News item

The savvy shopper's guide to gift returns

The chaos of Christmas is over, but for many consumers the headache is just beginning. Dealing with the hassle of broken or unwanted gifts, unexpected credit card fees and confusing fine print leaves many lacking holiday cheer. 

 'Now more than ever, consumers have a wide range of buying options,' said TSI chief executive Leon Livermore. 'They can buy items in the store, online, or by using a voucher. While we warn consumers to know their rights before making a purchase, it's equally important for them to understand their rights before making a return or exchange.

 'The answers to these questions will help prepare consumers planning to make returns and exchanges after the holidays.'

 Q. Do my rights differ when returning items bought in store or online?

 A. When you buy something in a shop, you can only return it if it is faulty or misdescribed. This means that unless the store operates a 'change of mind' policy, you must have a reason to return it. 

When you buy something online, you have seven working days, starting the day after the goods are received, to cancel the contract in writing. You can return the goods for any reason for a full refund which generally should include delivery. This is not the case with personalised gifts, or unwrapped CDs, DVDs and computer software missing the cellophane wrapping. 

Q. What are my rights when returning an item bought online from a company based in a foreign country?

 A. If you buy from a company based within the European Union, you generally have the same rights as when you buy from UK-based companies. To be on the safe side, check the terms and conditions before you buy. 

Products purchased from outside the European Union are not covered by European rules for distance buying. Therefore, you should always carefully check the terms and conditions before you buy. The chances of getting a refund increase if you use a debit or credit card rather than cash as you may be able to make a claim against the card provider.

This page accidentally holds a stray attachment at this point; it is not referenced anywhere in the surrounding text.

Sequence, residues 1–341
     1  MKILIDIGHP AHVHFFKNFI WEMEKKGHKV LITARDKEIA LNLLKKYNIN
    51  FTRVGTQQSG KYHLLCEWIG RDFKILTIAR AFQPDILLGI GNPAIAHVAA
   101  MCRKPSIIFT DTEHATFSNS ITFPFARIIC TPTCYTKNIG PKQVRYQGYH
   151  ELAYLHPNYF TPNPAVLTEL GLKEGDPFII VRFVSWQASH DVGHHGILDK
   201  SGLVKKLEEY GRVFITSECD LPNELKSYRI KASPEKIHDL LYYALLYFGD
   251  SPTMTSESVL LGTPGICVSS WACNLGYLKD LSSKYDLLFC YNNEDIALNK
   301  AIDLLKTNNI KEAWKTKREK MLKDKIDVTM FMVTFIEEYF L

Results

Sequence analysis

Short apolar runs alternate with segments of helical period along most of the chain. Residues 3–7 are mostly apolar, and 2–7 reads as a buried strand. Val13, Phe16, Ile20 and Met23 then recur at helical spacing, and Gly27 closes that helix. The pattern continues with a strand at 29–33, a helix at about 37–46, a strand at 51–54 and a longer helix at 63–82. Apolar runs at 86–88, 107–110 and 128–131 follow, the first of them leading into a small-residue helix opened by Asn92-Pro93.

Q. What happens if the wrong item is shipped, do I have to pay for its return?

 A. If you receive the wrong item, it is up to the sender to cover the return costs.

 Q. What are my rights if I paid for next day delivery or was guaranteed a Christmas delivery but it arrived late or not at all?

 A. Unless a company uses a courier firm, you are at the mercy of the postal system, which is stretched to its limits during Christmas. If you paid extra for next day delivery and the package is late, you should be able to claim back the extra amount paid for the rushed service.

If the agreed delivery date passes and you are still without your order, the trader could be in breach of contract. If so, you may be able to cancel the order, but that doesn't mean you're automatically entitled to claim compensation in these circumstances.

Q. What happens if I want to return something, but the company has closed for good?

A. If the item cost over £100, but less than £30,000, and is faulty or misdescribed, and you bought it on a credit card, the card provider is equally liable for your purchase. This means you can claim against the credit card company if there is a problem.